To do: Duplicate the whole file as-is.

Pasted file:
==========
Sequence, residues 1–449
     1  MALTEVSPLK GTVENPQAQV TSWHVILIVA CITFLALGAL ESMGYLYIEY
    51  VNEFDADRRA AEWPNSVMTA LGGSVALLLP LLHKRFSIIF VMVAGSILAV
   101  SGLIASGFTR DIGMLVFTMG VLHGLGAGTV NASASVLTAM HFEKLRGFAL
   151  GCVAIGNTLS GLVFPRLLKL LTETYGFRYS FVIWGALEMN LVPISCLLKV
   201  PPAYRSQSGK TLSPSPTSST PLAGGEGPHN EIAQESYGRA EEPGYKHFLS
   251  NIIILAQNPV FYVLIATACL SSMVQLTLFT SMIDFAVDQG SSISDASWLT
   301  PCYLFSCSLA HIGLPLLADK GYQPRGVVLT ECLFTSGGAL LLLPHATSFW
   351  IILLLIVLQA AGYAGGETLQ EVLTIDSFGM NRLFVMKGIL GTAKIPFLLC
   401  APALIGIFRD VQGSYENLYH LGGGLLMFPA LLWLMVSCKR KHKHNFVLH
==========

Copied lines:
Sequence, residues 1–449
     1  MALTEVSPLK GTVENPQAQV TSWHVILIVA CITFLALGAL ESMGYLYIEY
    51  VNEFDADRRA AEWPNSVMTA LGGSVALLLP LLHKRFSIIF VMVAGSILAV
   101  SGLIASGFTR DIGMLVFTMG VLHGLGAGTV NASASVLTAM HFEKLRGFAL
   151  GCVAIGNTLS GLVFPRLLKL LTETYGFRYS FVIWGALEMN LVPISCLLKV
   201  PPAYRSQSGK TLSPSPTSST PLAGGEGPHN EIAQESYGRA EEPGYKHFLS
   251  NIIILAQNPV FYVLIATACL SSMVQLTLFT SMIDFAVDQG SSISDASWLT
   301  PCYLFSCSLA HIGLPLLADK GYQPRGVVLT ECLFTSGGAL LLLPHATSFW
   351  IILLLIVLQA AGYAGGETLQ EVLTIDSFGM NRLFVMKGIL GTAKIPFLLC
   401  APALIGIFRD VQGSYENLYH LGGGLLMFPA LLWLMVSCKR KHKHNFVLH